At 3:40 in the morning, Booker awakes in his cell at Folsom State Prison. He does his devotions and exercises until 5:15 when he goes to work cleaning the facility.
Booker is a three-striker, serving 40-years-to-life in prison. He has been incarcerated for 22 years.
THE ONLY LIFE HE KNEW
Booker grew up in a dysfunctional family.
"I had a father who loved me," he says, but his mother's actions kept them apart. She began a relationship with a man who was, as Booker puts it bluntly, "just no good." This man had no interest in Booker except for the welfare check his mother got for him and his siblings.
"[My mother] gave so much of herself to him that the relationship between her and her children suffered," Booker says.
The neglect from his mother encouraged Booker to look elsewhere for community and family. What he found instead were crime and drugs: "Living in that environment and not having any exposure to higher education [and] a different way to live life [meant that] I thought this was the way life was supposed to be."
Inevitably, Booker's life choices caught up to him, and he found himself with three strikes and a life sentence. Feeling completely alone, Booker attempted suicide.
"Before I did that," he remembers, "I prayed, and I asked God, 'Man, I'm really having a problem here. I ain't going to be able to work through this by myself. Can You please help me?'"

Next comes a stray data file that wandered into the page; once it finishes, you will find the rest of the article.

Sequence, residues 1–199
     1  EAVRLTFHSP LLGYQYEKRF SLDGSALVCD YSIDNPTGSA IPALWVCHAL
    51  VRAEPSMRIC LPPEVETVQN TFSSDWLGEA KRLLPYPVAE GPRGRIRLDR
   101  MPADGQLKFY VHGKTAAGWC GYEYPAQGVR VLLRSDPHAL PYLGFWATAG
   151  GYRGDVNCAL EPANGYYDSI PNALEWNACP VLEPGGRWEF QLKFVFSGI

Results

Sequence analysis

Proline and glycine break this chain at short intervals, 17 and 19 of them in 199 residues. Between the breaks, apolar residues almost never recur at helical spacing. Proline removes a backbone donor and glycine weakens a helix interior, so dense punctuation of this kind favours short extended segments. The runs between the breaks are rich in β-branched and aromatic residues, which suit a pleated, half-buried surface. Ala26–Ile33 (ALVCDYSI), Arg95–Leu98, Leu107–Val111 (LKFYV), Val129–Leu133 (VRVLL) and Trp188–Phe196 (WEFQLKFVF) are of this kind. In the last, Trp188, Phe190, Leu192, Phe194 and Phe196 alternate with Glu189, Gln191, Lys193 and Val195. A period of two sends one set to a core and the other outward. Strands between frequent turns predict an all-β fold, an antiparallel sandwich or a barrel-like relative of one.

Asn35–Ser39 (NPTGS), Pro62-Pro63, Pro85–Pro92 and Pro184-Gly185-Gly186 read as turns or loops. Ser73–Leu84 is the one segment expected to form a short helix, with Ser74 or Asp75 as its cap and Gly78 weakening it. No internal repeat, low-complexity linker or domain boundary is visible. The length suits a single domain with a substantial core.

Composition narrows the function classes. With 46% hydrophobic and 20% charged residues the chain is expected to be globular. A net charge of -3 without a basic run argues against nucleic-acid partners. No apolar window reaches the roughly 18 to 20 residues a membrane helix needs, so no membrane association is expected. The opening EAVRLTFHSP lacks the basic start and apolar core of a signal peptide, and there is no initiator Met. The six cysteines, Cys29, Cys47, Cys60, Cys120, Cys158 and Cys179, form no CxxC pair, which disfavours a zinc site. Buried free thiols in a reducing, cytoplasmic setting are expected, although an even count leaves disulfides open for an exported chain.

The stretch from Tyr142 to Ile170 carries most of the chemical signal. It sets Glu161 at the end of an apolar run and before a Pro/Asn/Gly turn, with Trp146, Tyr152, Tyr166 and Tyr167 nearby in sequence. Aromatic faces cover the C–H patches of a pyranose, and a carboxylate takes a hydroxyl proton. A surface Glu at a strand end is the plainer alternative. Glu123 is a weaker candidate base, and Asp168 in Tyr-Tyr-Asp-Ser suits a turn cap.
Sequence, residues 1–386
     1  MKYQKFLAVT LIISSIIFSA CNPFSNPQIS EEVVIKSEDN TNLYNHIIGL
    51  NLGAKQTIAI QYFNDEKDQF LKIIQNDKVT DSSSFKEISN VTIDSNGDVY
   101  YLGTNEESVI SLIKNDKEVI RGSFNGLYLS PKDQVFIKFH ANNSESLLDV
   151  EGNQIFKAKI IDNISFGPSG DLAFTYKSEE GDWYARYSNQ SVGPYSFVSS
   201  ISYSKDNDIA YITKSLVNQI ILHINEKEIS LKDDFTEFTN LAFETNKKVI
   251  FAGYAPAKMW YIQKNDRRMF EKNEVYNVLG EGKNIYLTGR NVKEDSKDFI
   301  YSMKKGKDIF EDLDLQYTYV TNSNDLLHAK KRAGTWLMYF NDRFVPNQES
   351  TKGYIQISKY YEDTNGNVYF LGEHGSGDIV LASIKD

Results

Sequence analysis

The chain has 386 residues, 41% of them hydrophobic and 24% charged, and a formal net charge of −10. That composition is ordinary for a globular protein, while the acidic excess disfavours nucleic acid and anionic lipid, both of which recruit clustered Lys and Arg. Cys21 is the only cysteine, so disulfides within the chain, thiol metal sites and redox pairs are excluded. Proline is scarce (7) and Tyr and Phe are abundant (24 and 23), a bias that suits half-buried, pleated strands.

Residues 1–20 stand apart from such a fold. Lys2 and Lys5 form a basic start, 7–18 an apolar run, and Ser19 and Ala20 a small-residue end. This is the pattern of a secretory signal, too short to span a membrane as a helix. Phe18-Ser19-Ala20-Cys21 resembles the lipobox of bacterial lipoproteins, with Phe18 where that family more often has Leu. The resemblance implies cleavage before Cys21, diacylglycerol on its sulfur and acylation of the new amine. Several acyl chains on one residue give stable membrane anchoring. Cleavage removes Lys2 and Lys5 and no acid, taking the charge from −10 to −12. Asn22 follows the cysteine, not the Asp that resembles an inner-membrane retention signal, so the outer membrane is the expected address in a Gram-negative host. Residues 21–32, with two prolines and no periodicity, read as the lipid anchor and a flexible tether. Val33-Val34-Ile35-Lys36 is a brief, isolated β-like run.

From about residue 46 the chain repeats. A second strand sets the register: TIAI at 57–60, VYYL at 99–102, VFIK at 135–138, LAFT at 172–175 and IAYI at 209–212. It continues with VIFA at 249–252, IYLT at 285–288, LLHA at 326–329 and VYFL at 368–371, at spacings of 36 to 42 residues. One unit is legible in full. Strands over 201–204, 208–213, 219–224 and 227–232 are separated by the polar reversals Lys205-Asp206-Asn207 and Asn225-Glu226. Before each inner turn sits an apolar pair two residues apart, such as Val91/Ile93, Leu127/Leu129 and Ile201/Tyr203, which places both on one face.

God had mercy on Booker and saved him from his suicide attempt. Booker was removed from his facility for two years until the authorities deemed him to no longer be at risk.
"I got transferred to another prison," he says. "Got everything settled in my cell and started reading the Bible."
Booker started with the book of Romans and kept reading. "I just never put the Bible down." He started going to church, praying, and seeking answers to his questions.
REDEMPTION IS POSSIBLE
Today, what keeps Booker going is his relationship with God. He also has hope that one day he will be released. If he is, he wants to spend time with his family and get to know his son better.
"I've got grandchildren now, which I didn't have when I got incarcerated," he says.
To prepare for reentry, Booker has been proactive in attending Bible studies and life-skills groups. He's also participated in TUMI (The Urban Ministry Institute), an intensive theological training course offered by Prison Fellowship in conjunction with World Impact.
Prisoners "are still human beings. We made mistakes," Booker says. "I would not deny that there are some people who do need to be in prison … but redemption is possible."